EDITORIAL - Minding Barbados' business
We are privileged that someone of such importance as Barbados' minister of industry and international business, Donville Inniss, who, in current circumstances, we would expect to be extremely busy, would take the time to note, much more respond to, the comments of this newspaper.
As it is, Mr Inniss has advised The Gleaner to mind its own business and to pay attention to "the rot in Jamaica", which, like Barbados, is a member of the Caribbean Community (CARICOM) and a partner in regional affairs.
Unhappily, we offended the goodly Mr Inniss with our observations on Sunday about the arrest of three journalists at Barbados' Nation newspaper - publisher Vivian-Anne Gittens; Roy Morris, the editor-in-chief; and Sanka Price, the news editor - for publishing a photograph of two minors having sex at school.
AD HOMINEM ATTACK
It is unfortunate that Mr Inniss ignored the fundamental issues raised by this newspaper and limited his response to what many would interpret as an ad hominem attack on Jamaica.
The essentials of our argument remain the same: this newspaper is not in favour of the gratuitous publication of pornography by general-interest, family-oriented newspapers, and we are against the exploitation of children in any form. We know that these are principles to which The Nation subscribes.
We believe that 14-year-olds having sex in schools and a newspaper's attempt to have the authorities focus on issues of values and attitudes are matters of public interest. The Nation, by its publication of a blurred photograph in which the children could not be identified, did nothing that, in our view, was exploitative or prurient and could be considered to have scandalised public morals.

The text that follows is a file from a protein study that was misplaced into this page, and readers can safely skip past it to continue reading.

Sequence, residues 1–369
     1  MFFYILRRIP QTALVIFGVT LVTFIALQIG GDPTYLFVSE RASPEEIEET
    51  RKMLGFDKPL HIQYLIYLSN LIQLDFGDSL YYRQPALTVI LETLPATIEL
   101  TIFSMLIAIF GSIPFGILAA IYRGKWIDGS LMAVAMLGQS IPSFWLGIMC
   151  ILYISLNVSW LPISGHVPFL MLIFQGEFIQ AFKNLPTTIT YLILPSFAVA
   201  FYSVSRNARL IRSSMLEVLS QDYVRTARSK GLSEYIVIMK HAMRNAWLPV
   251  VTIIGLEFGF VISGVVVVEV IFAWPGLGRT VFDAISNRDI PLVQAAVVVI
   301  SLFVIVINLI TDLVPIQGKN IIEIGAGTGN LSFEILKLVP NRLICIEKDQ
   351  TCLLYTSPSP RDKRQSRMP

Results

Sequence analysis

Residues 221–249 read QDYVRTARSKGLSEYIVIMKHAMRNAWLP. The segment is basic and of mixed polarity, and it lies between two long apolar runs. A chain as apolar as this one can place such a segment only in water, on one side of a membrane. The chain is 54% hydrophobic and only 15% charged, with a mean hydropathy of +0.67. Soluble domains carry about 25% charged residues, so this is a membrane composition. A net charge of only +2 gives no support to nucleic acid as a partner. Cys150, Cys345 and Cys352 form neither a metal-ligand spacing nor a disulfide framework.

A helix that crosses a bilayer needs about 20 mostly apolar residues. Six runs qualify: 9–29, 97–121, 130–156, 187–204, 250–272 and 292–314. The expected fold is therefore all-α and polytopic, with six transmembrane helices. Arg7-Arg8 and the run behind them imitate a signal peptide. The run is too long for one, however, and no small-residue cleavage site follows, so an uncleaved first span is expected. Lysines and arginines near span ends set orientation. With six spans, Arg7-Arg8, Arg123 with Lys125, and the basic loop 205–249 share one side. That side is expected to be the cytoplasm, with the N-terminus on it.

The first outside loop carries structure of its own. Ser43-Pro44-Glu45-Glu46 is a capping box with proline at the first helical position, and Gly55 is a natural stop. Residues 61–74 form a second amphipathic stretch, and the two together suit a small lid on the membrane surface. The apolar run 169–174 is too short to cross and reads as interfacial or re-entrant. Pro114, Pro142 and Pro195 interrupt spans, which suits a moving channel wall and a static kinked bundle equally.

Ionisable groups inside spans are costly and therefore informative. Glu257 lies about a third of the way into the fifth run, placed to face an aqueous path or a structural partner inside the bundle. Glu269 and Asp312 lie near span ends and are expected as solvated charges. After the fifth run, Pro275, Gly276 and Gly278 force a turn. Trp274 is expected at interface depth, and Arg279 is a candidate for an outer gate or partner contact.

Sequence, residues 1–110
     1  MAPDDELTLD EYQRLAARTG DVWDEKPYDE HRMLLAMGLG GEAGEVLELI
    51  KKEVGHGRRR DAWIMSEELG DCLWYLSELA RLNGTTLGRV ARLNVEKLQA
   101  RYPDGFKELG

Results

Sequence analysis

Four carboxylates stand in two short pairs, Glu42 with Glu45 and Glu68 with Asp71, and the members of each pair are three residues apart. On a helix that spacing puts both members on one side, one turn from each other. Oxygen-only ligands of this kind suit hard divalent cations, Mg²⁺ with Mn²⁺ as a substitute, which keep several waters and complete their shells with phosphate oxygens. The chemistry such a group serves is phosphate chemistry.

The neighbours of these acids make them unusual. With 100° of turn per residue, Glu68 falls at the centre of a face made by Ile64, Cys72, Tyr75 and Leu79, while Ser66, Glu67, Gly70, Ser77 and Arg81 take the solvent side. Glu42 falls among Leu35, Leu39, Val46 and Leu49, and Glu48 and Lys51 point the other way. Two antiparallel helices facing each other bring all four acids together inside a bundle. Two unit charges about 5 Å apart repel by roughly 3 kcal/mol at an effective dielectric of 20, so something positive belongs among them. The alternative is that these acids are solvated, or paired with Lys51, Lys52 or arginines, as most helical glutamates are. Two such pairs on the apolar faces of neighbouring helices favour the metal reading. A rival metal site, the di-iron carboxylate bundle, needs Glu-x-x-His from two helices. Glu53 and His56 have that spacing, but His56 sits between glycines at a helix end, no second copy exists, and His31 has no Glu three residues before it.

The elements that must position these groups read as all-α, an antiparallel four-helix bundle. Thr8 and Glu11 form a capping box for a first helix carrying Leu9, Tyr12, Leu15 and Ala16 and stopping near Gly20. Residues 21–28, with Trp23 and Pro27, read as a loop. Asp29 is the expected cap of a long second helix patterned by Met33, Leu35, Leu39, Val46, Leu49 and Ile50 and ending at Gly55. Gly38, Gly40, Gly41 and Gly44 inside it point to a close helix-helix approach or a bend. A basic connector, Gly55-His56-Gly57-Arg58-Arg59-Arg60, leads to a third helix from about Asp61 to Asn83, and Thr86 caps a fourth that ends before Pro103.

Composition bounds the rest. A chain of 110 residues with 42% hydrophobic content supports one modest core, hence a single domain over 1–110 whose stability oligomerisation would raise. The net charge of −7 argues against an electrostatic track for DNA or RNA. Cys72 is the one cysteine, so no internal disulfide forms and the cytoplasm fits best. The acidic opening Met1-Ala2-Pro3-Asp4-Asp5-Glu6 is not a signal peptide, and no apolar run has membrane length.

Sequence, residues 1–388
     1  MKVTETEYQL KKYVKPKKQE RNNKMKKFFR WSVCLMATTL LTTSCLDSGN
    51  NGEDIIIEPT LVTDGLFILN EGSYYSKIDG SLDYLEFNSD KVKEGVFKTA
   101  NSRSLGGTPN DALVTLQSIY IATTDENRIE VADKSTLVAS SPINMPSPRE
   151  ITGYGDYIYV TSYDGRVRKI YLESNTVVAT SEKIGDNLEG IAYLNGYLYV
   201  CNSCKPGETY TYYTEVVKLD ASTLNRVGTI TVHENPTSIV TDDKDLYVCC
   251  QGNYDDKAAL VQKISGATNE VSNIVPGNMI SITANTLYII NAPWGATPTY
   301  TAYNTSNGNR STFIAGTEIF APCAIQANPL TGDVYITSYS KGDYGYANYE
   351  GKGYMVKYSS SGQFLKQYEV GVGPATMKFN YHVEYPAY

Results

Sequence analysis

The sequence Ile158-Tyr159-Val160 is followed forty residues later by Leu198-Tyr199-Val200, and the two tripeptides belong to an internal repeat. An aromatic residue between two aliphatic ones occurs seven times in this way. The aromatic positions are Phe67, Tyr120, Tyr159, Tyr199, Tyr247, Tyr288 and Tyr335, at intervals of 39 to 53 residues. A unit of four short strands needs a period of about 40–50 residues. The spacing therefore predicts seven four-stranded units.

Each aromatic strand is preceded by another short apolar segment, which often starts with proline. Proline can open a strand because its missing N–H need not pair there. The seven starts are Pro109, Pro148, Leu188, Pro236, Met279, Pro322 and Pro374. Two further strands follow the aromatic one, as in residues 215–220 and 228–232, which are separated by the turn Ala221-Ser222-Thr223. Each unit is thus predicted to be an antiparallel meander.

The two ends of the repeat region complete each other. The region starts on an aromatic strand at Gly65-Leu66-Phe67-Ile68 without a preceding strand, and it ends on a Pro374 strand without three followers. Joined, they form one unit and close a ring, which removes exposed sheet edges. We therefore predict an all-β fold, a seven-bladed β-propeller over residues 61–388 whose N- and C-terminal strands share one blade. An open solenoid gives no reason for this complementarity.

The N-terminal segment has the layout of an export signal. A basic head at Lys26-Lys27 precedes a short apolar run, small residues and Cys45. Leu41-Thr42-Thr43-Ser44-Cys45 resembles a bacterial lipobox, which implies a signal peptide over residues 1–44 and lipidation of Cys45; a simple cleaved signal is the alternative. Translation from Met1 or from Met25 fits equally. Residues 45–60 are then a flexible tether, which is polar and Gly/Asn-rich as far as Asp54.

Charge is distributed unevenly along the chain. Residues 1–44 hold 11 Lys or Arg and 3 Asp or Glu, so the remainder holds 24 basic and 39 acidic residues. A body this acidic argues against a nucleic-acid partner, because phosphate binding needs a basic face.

We continue to believe that Barbados has been a leader in the English-speaking Caribbean in liberalising its laws relating to defamation, lessening, it appeared then, the threat to journalists going about their jobs of informing the public.
In that context, we are surprised that criminal action could be brought against journalists in this fashion, albeit not via the Defamation Act. We fear that the potential of five-year jail terms, which could be the fate of The Nation's trio, could have a chilling effect on the press in Barbados.
FREE PRESS HINDERED
We repeat our hope that this prosecution does not represent a misguided attempt at restraining the independence of The Nation which would be a reversal of Barbados' long-held commitment to a free press. We look forward to an assurance from Prime Minister Freundel Stuart that this is not the case.
Further, we expect to hear from PM Stuart that fulminations by any of his ministers about any partner Caribbean country are not the policy of his government and are not an indication of Barbados' rejection of economic partnership with, or investment from, enterprises of any specific CARICOM member state.
Additionally, there are many problems in Jamaica which we wish we had avoided and which we hope our Eastern Caribbean partner has escaped and on which the authorities in Bridgetown would be advised to pay close attention to before they become worse.
Among these are declining values and attitudes and moral decline among the youth. Mr Inniss, given his portfolio, might be interested in issues such as management of the public debt and policies that encourage investment and economic growth.
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